Workington is an ancient market and industrial town on the banks of the River Derwent and is a perfect base from which to explore the West Coast and Lake District.   It has a historical and lively town centre with some great shopping, cinemas and theatres.  The town also has a fine collection of historic churches.

Parts of the town on the north bank date back to Roman times when forts protected the coast from raiders coming from modern day Ireland and Scotland.  Workington Hall, built in 1379, is steeped in history but currently closed to the public although the grounds of the Hall and surrounding Curwen Park are available for the public to visit.  In 1568, the Hall was a refuge for Mary Queen of Scots during her flight from Scotland before her imprisonment and final execution.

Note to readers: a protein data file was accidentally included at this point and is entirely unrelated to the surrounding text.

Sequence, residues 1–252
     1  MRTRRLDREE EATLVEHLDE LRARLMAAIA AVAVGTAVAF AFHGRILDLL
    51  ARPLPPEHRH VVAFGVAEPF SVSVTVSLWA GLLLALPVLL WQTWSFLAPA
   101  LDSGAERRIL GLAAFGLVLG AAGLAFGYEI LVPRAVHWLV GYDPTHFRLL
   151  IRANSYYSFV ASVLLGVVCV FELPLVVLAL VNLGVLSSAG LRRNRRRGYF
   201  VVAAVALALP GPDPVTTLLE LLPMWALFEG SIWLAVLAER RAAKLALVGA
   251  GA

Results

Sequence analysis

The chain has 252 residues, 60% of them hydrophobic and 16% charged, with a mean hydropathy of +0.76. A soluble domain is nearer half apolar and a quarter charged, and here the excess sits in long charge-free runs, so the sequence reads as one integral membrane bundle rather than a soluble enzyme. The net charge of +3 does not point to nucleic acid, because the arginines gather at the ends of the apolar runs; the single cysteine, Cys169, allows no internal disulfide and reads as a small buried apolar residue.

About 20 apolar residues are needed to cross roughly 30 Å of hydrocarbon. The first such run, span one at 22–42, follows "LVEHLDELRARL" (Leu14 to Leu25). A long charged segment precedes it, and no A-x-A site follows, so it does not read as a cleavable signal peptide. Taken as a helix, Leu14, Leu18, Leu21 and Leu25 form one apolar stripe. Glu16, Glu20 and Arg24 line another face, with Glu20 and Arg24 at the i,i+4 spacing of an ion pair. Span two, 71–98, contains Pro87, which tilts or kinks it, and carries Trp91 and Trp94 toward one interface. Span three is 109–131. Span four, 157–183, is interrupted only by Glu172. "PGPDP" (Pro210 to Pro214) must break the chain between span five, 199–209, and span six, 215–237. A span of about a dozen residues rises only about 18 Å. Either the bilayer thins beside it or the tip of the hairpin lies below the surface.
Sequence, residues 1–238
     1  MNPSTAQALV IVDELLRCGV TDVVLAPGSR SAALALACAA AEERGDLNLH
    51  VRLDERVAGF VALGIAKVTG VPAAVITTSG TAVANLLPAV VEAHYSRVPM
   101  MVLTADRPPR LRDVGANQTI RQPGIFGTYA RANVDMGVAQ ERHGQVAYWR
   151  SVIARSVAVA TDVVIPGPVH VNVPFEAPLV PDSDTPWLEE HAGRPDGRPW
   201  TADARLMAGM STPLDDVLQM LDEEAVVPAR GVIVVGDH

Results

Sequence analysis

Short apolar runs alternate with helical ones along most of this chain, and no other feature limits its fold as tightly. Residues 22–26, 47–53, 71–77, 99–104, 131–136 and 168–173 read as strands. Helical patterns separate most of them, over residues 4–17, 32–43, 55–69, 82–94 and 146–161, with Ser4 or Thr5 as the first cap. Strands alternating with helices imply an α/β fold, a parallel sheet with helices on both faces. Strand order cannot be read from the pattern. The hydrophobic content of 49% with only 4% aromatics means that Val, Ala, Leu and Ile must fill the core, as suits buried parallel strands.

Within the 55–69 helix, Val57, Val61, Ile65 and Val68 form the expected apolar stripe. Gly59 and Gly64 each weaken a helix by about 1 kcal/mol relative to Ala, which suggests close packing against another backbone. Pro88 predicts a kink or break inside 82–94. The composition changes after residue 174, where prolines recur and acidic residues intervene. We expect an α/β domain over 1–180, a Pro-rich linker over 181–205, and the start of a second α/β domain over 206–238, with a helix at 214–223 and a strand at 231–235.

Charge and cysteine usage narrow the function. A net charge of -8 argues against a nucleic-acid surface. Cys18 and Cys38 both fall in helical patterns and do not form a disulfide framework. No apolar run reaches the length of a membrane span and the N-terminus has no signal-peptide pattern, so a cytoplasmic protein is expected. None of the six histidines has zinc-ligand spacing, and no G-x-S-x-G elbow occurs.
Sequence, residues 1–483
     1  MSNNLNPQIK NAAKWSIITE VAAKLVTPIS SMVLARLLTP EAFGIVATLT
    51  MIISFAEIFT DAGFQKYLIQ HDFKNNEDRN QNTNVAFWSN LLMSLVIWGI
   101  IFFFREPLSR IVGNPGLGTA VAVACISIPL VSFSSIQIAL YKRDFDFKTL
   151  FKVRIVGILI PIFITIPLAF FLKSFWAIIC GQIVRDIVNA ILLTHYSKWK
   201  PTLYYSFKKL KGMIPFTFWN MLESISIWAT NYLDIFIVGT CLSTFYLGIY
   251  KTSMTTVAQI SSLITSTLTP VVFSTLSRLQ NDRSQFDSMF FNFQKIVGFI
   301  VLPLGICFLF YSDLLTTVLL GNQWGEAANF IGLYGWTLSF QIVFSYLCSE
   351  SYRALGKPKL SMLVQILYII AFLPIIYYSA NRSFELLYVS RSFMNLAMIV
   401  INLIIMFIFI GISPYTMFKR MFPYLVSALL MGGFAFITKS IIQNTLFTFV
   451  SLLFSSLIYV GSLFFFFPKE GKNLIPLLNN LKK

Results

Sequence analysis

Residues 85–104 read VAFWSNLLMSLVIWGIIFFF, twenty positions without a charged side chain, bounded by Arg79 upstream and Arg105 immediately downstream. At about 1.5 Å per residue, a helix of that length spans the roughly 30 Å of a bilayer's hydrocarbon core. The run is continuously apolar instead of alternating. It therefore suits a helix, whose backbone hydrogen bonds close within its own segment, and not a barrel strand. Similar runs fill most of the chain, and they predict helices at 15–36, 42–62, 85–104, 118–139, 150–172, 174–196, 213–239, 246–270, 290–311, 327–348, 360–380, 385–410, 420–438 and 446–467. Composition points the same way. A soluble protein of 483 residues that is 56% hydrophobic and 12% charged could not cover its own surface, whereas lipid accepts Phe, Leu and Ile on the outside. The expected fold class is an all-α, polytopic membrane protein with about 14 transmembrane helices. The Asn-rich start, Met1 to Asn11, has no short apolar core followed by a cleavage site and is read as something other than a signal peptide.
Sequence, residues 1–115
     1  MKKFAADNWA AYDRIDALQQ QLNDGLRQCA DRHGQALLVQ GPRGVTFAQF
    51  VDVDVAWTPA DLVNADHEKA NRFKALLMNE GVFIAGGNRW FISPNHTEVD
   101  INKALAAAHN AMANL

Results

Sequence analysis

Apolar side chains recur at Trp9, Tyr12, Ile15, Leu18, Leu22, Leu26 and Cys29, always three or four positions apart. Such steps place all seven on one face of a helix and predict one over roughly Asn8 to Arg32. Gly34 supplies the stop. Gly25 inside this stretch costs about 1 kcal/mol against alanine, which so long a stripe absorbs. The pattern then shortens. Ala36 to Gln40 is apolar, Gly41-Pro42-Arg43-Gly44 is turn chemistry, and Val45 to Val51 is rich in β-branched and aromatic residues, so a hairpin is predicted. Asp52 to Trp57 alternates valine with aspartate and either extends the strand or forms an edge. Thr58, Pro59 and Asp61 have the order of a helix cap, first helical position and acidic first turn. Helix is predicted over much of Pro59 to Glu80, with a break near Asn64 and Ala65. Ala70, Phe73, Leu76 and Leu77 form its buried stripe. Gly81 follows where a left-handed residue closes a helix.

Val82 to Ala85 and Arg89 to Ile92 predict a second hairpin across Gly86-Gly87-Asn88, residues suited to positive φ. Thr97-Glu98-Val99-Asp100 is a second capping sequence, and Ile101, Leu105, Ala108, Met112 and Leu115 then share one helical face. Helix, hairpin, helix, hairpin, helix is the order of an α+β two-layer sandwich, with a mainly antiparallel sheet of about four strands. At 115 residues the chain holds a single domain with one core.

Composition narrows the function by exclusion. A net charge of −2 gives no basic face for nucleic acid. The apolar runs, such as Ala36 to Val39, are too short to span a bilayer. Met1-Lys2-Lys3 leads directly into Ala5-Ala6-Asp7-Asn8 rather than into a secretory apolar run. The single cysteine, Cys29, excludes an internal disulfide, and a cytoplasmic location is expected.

The Helena Thompson Museum is home to a wide variety of interests and activities, including children’s days, exhibitions and concerts. See displays of pottery, silver, glass, and furniture dating from Georgian times and learn more about the social and industrial history of Workington.

Workington makes a great base for cyclists. The Sea to Sea Cycle Route is the flagship of Sustrans long distance routes. It is a wonderful route through the Northern Lake District and over the Pennines, beginning at Workington or Whitehaven and finishing in Sunderland or Tynemouth on the east coast.

Close to the railway station is a harbour area which has recently been rejuvenated and offers a pleasant stroll along the quayside.

The bus station is 10-15 minute walk from the station with buses to Cockermouth and to Keswick. Changes can be made at Keswick for Borrowdale and Buttermere. Check timetables carefully as some buses do not run throughout the year. For timetables, click here.


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